I met Terry Pierson a couple of years ago when he showed up in the front row of a Creative Writing class I was teaching at Southwestern Illionis College on the Belleville campus. Strangely and serendipitously enough, it wasn’t the first time I’d seen him though.
“Hey, I know you,” I said after taking attendance. ” You are the painter guy from the Joan Baez concert. . . sitting one seat over in the next row. I remember because you had paint on your jacket and a sketchpad. You were also the dark figure following on the sidewalk just past the Metrolink station.”
In the course of that conversation, we agreed that the concert had been a memorable one, each recalling the moment in the encore after hearing one of our fellow concertgoers shout, “Take it to the full moon, Joanie!”
And take it to the moon she did.
With “Diamonds and Rust.”
That song has always been a transcendent one for me . . .sort of ethereal and spiritual in its rawness and longing. And sort of a nice Rosetta touchstone for getting into the topic of Terry’s art, which can also be described using those words. You could also add a few more though starting with “otherworldly,” “celestial,”” nebular,” “cosmic”, “universal,” and “expressionistic.”
What follows this story of intros and discoveries of shared experience is my standard list of questions for the artist interview blog, accompanied by Terry’s insightful and eloquent responses.
1. Introduce yourself…
Tell me about your background. What events led up to your life in an art-making?
I wouldn’t credit anything in particular as what drove me to make art. I was always creatively inclined asa kid-writing, drawing, imagining and playing games. Painting kind of just started one day when I was about 15.
2. How do you get your hands and feet wet and dirty? What media / material & process do you like best, and why?
“I’ve almost exclusively worked with acrylic paint. I’ve used oil but I just like acrylic more. I find it more malleable and accessible. And since it is less accepted in the art world think it carries a certain distinction.”
I’ve always worked on canvas but lately I’ve played around with a few other things-wood, glass…pretty much anything I can
find. Around the time I first started exhibiting I painted on clothes-jackets, bags, jeans, shirts…I would be covered in paint head to toe anytime you saw me. But for now , canvas remains my preferred medium. Whenever I get a picture in my head, a vision of a painting, it’s always on canvas. So it’s just the most natural for me.”
3. You know, Hemingway wrote a whole book around his experiences trying to feed himself in Paris as a starving artist. ..Do tell about your experiences. How and what DO you feed yourself?
“I feed myself hand to mouth, sometimes using a utensil such as a fork or spoon. I love fresh fruit-especially raspberries and
blackberries. I’m big on craft beer and red wine. I think the art of the culinary world is best represented in deserts. I like pecan or pumpkin pie best. All said I’m a working college student who eats too much fast food.”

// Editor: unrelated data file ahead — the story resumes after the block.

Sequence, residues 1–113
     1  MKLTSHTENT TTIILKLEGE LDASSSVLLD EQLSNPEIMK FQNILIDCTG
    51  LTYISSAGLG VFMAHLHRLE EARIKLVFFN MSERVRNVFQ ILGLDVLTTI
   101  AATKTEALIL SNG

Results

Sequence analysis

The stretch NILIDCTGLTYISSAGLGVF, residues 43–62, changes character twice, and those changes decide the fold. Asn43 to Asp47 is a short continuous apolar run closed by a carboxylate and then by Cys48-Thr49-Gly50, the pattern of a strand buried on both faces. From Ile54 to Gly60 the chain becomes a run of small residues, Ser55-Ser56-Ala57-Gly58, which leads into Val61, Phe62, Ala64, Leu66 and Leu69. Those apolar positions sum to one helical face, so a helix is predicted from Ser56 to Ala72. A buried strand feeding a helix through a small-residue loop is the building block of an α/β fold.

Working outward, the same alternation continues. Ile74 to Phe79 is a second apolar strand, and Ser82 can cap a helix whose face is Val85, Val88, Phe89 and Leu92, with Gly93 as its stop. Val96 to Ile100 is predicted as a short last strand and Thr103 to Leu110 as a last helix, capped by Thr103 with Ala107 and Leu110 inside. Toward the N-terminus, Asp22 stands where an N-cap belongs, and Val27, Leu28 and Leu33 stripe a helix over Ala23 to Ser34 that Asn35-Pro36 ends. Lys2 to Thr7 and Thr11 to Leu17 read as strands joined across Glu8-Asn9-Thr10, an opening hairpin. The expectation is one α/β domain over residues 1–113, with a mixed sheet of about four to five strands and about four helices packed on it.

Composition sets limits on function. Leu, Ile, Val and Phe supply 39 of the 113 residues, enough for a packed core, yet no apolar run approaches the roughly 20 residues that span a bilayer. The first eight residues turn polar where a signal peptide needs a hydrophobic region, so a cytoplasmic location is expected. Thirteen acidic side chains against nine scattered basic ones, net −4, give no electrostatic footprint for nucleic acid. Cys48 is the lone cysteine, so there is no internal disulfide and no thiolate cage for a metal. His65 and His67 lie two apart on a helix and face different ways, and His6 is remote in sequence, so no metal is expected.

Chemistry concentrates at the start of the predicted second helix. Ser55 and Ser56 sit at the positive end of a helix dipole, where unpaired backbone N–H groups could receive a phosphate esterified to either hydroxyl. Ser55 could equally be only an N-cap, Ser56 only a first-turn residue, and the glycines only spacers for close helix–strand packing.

4. Now that you have some food in your stomach, tell me a bit about your process. Do you have a ritual to get things started? Comfort stuff. ..listening material?
I always listen to music-everything from Kanye West to Bob Dylan. A lot of the time while I listen to music I have the TV on or am at my computer. I like to have constant stimulation. I’ve been watching movies recently while working-mainly old horror
5. What inspires you most?
“Life is inspiration. I think art, at its purest, is a reaction. I don’t know how anyone could not make art. We take so much in all the time, especially in this country, that I think one has to let something back out.
But immediately and specifically monster movies, cartoons, and economic inequality.”
6. How have you evolved in your process? What learning experiences have had the biggest impact?”
“The most significant thing for me has been learning to trust myself. It’s easy to spout off independent sentiments but to really not let other’s opinions and expectations influence you is tough.”
7. “If you could do dinner with any creative person, dead or alive, who would it be and where would
you go to dinner?”
“I think it would have to be Kurt Cobain. And we’d probably go to one of our excellent local breweries. Schlafly is always a safe bet.”
8. What would you order and what questions would you ask?
“Billy Goat chips are always a must.”
9. “Now that you have made your marks, pass the torch. ..what advice do you have for emerging artists?”
“Create the art you want to see in the world. Your goal should always only be to make work you are personally proud of. There is no wrong way. ”
10. For your burgeoning fan club! Please tell us where we can find you online.
“My official webpage will be coming soon. Until then I’m on Facebook:
11. Thanks for such an insightful and entertaining interview, Terry! I really enjoyed learning more about your creative process.
(Author’s note: A couple of these images are actually digital illustrations mislabled as “acrylic on canvas.” Am having a dickens of time trying to edit these captions for some reason. My apologies to Terry.)